Granite State taxpayers have broken the $20,000 barrier on school spending, even as K-12 academic performance remains flat and school enrollment declines.
“Last week, the New Hampshire Department of Education released its newest cost per pupil data for the 2022-2023 school year,” the department said in a press release. “The new statewide average operating cost per pupil of $20,323 is a 4.8 percent increase from last year’s average cost per pupil of $19,400. Total expenditures for the 2022-2023 school year were more than $3.8 billion in New Hampshire.”
To put the $20,323 in perspective, tuition to attend Bishop Guertin High School, a highly-ranked private Catholic school in Nashua, is $16,400. Mount Royal Academy is the highest-ranked Catholic school in the state. High school tuition is $10,700.
New Hampshire also spends far more per pupil than most of the nation. Across the U.S., the average cost per pupil is shy of $14,295, putting New Hampshire in the top 10 nationally for education spending. And as state Education Commissioner Frank Edelblut told NHJournal, taxpayer spending on public schools has been soaring for more than a decade.
“The statewide average for New Hampshire’s cost per pupil has increased by nearly 87 percent since 2000 when it cost less than $11,000 per student. During this same time frame, public school enrollment has dropped by about 20 percent statewide,” Edelblut said.
According to Edelblut, student enrollment numbers in the Granite State have dropped from 207,684 in 2002 to 165,095 in 2023. That’s a decrease of 42,589 public school students, or about a 20.5 percent decline during the past 21 years.
Despite the massive increase in spending, Granite State students are struggling on achievement tests like the SAT. House Education Committee vice chair Rep. Glenn Cordelli (R-Tuftonboro) said it’s time to pay attention to the poor return on investment.
“It’s pretty evident that over probably a couple of decades, spending is going up, and achievement scores are pretty much flat,” Cordelli said.
New Hampshire’s 2023 SAT scores dropped off slightly again. The junior class scored 35 percent proficient in math compared to 37 percent in 2022 and 42 percent in 2021. Students also lost ground on reading proficiency in 2023, with 60 percent proficiency compared to 61 percent proficiency in 2022 and 63 percent proficiency in 2021.
Edelblut said the increasing cost per pupil is partly due to increasing costs, and partly due to the steady drop in the number of students.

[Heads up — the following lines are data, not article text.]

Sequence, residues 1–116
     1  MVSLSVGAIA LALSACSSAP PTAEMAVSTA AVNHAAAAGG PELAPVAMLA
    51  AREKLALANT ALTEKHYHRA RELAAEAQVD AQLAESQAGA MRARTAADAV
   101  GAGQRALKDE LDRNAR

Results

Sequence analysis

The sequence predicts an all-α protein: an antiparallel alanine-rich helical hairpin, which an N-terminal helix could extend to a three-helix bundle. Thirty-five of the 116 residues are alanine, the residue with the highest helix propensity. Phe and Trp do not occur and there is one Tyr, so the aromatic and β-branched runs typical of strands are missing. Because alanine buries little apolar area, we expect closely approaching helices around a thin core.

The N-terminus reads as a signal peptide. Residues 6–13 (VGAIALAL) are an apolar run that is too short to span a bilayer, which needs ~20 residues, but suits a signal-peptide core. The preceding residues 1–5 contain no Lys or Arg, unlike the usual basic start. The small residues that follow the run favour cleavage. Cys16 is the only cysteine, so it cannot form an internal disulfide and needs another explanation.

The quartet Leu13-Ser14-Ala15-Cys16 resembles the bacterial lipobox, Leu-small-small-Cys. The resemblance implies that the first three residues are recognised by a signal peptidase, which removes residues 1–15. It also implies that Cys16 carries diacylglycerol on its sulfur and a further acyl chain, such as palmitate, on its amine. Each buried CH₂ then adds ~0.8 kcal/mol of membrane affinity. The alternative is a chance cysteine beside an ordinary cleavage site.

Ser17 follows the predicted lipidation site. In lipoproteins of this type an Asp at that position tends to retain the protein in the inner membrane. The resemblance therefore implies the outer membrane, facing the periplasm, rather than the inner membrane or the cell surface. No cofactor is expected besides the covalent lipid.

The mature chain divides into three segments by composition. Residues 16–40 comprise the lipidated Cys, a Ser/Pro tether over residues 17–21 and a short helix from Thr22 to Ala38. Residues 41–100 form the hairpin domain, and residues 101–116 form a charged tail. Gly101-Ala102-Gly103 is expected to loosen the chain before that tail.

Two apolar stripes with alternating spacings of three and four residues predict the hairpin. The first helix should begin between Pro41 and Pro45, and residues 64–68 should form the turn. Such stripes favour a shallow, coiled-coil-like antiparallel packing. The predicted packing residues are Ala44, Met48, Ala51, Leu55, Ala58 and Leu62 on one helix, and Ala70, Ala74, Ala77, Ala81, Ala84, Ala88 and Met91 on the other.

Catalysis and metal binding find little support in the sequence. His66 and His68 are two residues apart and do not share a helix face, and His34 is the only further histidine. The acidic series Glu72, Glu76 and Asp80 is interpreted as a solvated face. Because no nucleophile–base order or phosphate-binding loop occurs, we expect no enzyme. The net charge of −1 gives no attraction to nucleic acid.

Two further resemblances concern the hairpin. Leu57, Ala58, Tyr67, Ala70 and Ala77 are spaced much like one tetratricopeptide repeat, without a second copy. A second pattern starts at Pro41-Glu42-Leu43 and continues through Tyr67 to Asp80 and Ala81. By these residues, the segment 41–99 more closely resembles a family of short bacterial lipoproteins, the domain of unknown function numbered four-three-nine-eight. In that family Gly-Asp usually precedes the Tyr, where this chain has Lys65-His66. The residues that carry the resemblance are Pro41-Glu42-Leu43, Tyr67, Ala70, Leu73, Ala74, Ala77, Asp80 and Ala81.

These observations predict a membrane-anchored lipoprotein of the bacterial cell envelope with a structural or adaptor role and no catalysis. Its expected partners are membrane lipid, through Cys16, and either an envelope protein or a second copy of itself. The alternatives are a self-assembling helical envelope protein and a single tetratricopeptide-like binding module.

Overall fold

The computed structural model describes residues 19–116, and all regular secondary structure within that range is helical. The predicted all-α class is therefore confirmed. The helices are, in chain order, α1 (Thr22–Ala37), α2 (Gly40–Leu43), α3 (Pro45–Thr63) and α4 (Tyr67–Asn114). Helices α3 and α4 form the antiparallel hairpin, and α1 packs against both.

“While we have and will continue to work to expand resources for all students, it is clear that we are in a challenging environment of escalating costs and decreasing student enrollment,” Edelblut said.
Some school districts manage to come in under the new average, with Manchester at $16,636, Nashua spending $18,107, and Bedford at $17,418. Concord is spending $22,190 per pupil, and New Hampshire’s highest cost per pupil is New Castle at $41,754, a little more than the $41,650 tuition at The Derryfield School, an exclusive private day school in Manchester.
The record spending for public school students comes as the legislature is being pressed to find a way to change the way public education is funded. New Hampshire relies largely on local property taxes to fund public education, with the state sending an adequacy grant to districts that average $4,100 per pupil.
The district responsible for New Hampshire’s current school funding scheme thanks to lawsuits in the 1980s and 1990s, Claremont, is spending almost $22,000 per pupil. The Contoocook Valley Regional School District, behind a lawsuit that could change New Hampshire’s funding system again, is spending more than $25,000 per pupil.
The recent decision in the ConVal lawsuit has the state under court order to increase the adequacy aid grant to at least $7,300. Cordelli said that increase puts New Hampshire on the path to an income tax. The ConVal decision is stayed as the state appeals to the New Hampshire Supreme Court, giving the legislature time to find another funding plan.
Parents and homeowners frustrated with high property taxes and poor achievement are going to demand changes, Cordelli said.
“At some point, the public is going to become aware, and something is going to happen,” Cordelli said.
Parents are already finding lower cost, and sometimes better quality, opportunities outside the public school system. Kate Baker Demers, executive director of Children’s Scholarship Fund New Hampshire, said the average Education Freedom Account grant in New Hampshire is $5,255, about a quarter of the new cost per pupil for public school students.
“So, if a parent taxpayer is concerned about the high spending and cost, they could choose an EFA and save the state $14,745 per child. Which is, what, the amount that other states spend in total?” Baker Demers said.
This school year, EFA enrollment went up 20 percent to 4,211 students in New Hampshire. Of that total, 1,577 are new to the program. Taxpayers are now paying a little more than $22 million for EFA grants.